I was antsy and anxious all the way home...I wanted to continue my reading. When my mother opened the door, I raced through it and up the stairs to my room. Flopping down on my stomach in a sunny spot on the carpet, I opened the book and began flipping through it.
I skipped the spots about babies and child development...I liked babies. It was when they got older, when they talked, that I began to have problems. As I flipped through a subsequent chapter a phrase stopped me cold — "body language." Ah, now this was interesting. You mean you could tell what a person was thinking or feeling, just by looking at looking at their body and facial expressions?! For a kid that loved puzzles and secret codes, I thought this was coolest thing I had ever heard.
As I read, I found myself reliving and reassessing incidents from the past...and suddenly they made sense. I thought of an experience I'd had a few years earlier, in Second Grade. The class was lined up to go out for recess, when our teacher was unexpectedly called out to the hall, leaving us temporarily unsupervised. A couple of my classmates decided to take the opportunity to start roughhousing.
Standing quietly in line, I was suddenly slammed from behind. Now, there was something warm and weird against my cheek. Rough. In front of my eyes was a strange tableau that reminded me of the nature close-ups that were a staple of the Science magazines I liked. Green, with odd little swirly structures that looked a little like spores. I turned my head a little. I felt the scratchiness against my cheek, and watched the tableau shift. I began to realize that something was different about my body, too. I didn't seem to be upright.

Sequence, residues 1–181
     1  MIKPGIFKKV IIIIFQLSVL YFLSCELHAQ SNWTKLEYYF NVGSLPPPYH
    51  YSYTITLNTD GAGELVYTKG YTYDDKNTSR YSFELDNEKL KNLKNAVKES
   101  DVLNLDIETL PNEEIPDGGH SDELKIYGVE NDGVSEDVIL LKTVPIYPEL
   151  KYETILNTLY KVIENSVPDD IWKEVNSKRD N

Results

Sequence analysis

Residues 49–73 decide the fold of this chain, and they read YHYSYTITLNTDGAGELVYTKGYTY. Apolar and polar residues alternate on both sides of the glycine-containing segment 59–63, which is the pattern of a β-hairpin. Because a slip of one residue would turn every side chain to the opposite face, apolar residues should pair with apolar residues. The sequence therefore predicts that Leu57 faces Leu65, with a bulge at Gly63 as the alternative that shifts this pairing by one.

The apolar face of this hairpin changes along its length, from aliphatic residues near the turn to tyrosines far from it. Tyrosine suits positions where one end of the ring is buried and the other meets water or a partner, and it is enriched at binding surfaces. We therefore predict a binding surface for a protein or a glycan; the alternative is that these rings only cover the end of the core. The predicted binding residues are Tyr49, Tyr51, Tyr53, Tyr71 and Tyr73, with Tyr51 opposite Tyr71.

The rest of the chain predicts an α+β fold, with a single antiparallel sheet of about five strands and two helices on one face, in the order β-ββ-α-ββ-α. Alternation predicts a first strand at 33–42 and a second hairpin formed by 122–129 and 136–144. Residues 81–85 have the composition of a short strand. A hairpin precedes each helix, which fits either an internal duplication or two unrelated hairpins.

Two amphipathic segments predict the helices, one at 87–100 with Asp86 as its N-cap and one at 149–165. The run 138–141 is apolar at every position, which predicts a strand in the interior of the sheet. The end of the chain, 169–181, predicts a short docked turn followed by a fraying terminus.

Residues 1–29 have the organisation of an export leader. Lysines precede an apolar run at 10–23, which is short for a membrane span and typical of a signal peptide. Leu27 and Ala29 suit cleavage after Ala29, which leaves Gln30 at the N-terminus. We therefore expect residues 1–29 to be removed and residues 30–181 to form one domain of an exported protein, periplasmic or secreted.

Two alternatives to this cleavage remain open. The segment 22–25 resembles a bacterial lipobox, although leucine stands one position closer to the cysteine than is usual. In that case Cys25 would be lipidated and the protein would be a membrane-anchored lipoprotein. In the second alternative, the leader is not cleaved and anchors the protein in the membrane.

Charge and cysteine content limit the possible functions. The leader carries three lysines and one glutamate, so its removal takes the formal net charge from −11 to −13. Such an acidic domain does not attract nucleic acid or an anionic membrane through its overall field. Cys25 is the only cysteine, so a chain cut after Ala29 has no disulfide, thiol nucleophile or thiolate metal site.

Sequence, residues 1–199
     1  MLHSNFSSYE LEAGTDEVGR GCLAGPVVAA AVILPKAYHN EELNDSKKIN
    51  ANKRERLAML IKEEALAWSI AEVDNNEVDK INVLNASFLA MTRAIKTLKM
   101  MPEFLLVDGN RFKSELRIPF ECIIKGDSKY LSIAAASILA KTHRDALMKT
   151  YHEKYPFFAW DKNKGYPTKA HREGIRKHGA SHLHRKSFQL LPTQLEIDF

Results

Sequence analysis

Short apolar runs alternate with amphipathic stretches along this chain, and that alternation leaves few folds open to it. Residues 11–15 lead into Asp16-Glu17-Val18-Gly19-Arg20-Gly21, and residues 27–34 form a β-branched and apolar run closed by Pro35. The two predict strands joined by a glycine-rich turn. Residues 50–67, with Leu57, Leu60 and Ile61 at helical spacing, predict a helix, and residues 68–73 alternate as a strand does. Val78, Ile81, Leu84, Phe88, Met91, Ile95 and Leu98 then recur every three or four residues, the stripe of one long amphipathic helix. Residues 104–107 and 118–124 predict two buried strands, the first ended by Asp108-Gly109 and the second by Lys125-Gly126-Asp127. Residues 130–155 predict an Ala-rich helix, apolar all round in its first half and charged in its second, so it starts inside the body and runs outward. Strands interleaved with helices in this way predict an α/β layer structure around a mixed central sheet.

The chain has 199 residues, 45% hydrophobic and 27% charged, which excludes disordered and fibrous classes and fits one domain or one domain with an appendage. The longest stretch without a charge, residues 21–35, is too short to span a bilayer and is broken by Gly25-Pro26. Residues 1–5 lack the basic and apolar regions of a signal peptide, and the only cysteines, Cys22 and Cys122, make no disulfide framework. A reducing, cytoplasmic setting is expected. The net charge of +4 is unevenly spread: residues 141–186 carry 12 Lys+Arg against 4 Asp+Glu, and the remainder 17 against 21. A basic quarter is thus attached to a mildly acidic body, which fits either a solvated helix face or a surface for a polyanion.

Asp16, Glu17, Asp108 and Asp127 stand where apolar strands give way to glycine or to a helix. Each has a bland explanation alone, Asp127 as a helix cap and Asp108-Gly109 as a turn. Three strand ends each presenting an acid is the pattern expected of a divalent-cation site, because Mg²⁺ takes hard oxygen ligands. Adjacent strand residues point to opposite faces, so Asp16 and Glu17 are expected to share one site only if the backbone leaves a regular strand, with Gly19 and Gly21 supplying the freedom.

I was slammed backward again, as a roar sounded in front of me. "Would you get the hell off me! I'm not your damn father!" the boy in front of me bellowed. I stumbled and caught my balance, then looked around me. A wide space had opened around me, and I was off to the side, like a pariah. The room was utterly silent, and all the kids were staring.
I was humiliated...I knew I'd somehow done something wrong — but what? I was mystified by the boy's behavior. It violated every rule that I'd been taught. If you didn't like something a person was doing, I'd been taught, you asked them nicely to stop. If they didn't, then you would repeat the request more forcefully. If that didn't work, you'd escalate to an adult. Yelling and swearing — that was an absolute last resort. There was something I was missing here.
Now, reading this book, I had my answer. It described a concept called "personal space"...a buffer zone around each person that others were not meant to cross. Doing so would, at minimum, make the person uncomfortable...or provoke hostility. So that was it! I'd violated the boy's personal space and had been too slow in correcting the problem. It didn't take the sting out of the memory, but it gave me comfort to at least understand what had caused the altercation.